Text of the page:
Posted By: Susan Rooke
Posted on: May 16, 2017 9:13 PM
This poem first appeared (in a slightly different form) in Flycatcher: A Journal of Native Imagination in June, 2014:
Into the still, cold sky, a china teacup
spills its light. Mesquite trees gather
at the front porch, bare arms lifted,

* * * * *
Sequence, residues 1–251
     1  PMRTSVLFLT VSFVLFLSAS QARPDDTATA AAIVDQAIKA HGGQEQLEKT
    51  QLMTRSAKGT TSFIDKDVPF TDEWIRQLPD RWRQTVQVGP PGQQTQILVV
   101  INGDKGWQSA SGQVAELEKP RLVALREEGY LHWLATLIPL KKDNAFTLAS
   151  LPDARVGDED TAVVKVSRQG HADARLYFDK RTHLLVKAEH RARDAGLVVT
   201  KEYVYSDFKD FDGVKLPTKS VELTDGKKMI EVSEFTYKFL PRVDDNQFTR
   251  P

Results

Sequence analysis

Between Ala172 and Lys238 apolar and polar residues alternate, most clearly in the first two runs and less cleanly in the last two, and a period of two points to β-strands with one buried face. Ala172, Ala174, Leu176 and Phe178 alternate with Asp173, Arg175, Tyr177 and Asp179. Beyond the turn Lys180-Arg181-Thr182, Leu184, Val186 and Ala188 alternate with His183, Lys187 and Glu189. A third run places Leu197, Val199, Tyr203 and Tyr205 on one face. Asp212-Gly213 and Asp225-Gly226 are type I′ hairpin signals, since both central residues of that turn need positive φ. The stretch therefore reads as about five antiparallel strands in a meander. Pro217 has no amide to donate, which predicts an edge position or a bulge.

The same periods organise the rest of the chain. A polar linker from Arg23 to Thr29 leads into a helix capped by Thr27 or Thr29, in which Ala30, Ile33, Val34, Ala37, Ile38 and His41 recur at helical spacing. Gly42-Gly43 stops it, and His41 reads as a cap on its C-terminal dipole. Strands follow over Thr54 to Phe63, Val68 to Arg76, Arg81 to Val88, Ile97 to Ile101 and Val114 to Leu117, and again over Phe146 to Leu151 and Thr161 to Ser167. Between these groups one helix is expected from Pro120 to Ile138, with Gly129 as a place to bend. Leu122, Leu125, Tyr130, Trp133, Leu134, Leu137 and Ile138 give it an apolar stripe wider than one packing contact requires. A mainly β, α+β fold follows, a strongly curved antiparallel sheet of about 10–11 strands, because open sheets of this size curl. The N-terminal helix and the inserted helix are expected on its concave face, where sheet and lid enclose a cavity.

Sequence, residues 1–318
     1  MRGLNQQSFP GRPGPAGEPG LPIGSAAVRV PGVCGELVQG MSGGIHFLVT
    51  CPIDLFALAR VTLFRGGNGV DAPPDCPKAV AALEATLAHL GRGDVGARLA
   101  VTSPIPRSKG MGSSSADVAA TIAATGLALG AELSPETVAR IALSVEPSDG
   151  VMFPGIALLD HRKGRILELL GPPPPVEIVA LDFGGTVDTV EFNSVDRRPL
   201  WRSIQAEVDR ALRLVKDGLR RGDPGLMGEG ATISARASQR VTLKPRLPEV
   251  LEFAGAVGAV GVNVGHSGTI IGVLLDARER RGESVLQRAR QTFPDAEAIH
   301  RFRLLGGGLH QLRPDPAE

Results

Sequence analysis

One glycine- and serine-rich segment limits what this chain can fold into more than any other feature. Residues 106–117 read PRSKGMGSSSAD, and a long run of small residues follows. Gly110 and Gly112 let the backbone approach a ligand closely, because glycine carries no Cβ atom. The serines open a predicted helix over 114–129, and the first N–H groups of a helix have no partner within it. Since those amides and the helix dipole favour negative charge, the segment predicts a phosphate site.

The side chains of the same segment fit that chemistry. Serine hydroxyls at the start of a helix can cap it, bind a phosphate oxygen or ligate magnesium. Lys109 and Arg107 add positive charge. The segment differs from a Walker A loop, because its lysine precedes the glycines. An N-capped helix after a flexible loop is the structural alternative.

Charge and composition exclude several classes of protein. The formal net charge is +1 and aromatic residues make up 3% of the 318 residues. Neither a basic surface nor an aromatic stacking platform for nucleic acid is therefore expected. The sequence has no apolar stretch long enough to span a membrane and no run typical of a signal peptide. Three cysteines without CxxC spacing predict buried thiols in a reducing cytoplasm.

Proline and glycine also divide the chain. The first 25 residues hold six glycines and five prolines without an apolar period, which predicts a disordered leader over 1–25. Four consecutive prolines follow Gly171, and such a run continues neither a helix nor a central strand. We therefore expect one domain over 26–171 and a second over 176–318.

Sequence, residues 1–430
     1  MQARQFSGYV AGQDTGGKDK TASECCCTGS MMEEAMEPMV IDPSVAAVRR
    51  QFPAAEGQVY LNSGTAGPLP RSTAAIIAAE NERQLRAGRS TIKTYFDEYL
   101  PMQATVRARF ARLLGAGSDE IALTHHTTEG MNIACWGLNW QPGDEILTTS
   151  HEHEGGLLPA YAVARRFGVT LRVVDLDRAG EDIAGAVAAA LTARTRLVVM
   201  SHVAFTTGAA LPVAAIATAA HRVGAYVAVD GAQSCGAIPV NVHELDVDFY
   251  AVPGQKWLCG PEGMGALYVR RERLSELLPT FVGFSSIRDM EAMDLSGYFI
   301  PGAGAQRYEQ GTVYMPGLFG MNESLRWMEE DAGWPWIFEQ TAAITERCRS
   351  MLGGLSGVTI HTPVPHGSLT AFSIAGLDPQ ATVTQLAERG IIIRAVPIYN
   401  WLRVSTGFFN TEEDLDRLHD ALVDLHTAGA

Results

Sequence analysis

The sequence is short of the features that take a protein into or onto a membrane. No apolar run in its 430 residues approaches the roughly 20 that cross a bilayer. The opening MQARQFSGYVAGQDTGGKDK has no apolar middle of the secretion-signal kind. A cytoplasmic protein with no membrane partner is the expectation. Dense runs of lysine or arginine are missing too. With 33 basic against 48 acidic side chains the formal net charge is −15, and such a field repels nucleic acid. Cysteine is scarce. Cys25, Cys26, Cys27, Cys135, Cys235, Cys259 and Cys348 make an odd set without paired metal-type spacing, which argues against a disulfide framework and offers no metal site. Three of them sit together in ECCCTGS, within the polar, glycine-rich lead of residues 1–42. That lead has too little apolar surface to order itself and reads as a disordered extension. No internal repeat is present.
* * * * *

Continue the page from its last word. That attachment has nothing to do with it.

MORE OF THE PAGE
slender wrists braceleted in mistletoe.
We sit outside in an emptiness
that runs for miles, bundled
against the year’s wane, wondering
what it is to end.
Is it true the dying need to be held?
Around us day lies down to the embrace
of darkness, mesquite roots sink
into the clutch of flint earth.
A drained moon nests deeper
into the night, which needs nothing,
having grown too vast to hold.